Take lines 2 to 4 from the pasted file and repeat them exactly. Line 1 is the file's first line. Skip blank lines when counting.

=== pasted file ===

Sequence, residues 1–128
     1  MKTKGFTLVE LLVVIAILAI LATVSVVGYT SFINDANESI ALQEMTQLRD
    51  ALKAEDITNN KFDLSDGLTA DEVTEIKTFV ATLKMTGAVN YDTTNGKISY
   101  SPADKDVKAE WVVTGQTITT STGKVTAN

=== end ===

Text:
     1  MKTKGFTLVE LLVVIAILAI LATVSVVGYT SFINDANESI ALQEMTQLRD
    51  ALKAEDITNN KFDLSDGLTA DEVTEIKTFV ATLKMTGAVN YDTTNGKISY
   101  SPADKDVKAE WVVTGQTITT STGKVTAN